Physiotherapists join artists and dancers to celebrate the art and science of movement

Anatomy, physiotherapy, contemporary dance and drawing combined in a unique public event in the world-renowned Lowry Gallery as part of Manchester Science Festival last month.


The class offered insights in anatomy and movement

University of Salford Physiotherapy lecturer Stuart Porter and two undergraduate students, Sofia Gaspari and Gabriella Farrell, provided an anatomical perspective to a life drawing class on the human body and the way that it moves – with a world-class dancer as the subject.

As part of ‘Under Glass’ a collaboration with Dan Whiteston, an artist and teacher, and professional dancer Alice Bonazzi, they offered insights on anatomy in movement as members of the public tried to capture her on paper.

‘We didn’t really know what to expect, but we had such a great day and everyone got something out of it,’ Dr Porter told Frontline.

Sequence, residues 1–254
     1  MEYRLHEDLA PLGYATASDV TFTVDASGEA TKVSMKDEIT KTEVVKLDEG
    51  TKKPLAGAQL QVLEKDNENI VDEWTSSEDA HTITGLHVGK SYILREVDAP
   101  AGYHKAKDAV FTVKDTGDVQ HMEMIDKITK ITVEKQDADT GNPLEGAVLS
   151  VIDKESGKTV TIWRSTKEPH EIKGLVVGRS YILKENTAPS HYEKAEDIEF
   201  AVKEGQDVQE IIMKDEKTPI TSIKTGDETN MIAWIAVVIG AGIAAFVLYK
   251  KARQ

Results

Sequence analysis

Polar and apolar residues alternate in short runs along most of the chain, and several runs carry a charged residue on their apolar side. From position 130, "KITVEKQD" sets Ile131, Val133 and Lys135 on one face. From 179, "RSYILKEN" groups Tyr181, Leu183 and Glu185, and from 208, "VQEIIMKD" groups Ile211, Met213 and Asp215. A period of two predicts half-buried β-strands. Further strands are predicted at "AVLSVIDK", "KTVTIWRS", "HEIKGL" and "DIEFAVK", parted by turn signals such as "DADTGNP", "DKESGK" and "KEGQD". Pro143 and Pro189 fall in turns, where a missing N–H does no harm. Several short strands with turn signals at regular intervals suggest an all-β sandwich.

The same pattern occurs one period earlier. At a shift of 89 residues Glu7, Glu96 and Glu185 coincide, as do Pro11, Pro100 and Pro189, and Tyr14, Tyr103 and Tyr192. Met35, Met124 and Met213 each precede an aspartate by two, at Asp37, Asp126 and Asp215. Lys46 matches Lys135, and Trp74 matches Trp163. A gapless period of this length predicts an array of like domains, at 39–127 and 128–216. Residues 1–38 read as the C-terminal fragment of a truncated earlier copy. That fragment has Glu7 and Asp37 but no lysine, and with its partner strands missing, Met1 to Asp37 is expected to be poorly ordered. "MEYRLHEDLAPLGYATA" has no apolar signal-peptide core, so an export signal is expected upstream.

‘The day certainly reinforced my long held belief that there is art in science and vice versa and they are not mutually exclusive. This was a wonderful opportunity to engage with the public in a practical and scientific way, in beautiful surroundings with internationally renowned artists.’

Viewing the bigger picture

Dr Porter said that physiotherapists are trained to examine movement and movement patterns, which forms a crucial part of undergraduate training and assessments. ‘However, this event was an amazing opportunity to see a professional dancer do things in real time that required extremely complex balance power and strength activities,’ he said.

‘We thoroughly enjoyed the day and what was particularly interesting was to listen to Dan, the art teacher, describe how the artists should literally look at the bigger picture of movement and posture rather than focusing on individual body parts.

‘This is particularly interesting to us as physiotherapy lecturers since this is one of the things that we try to instil in our undergraduates. In other words, that a problem in one part of the body may be have its origin in an anomaly in another.’

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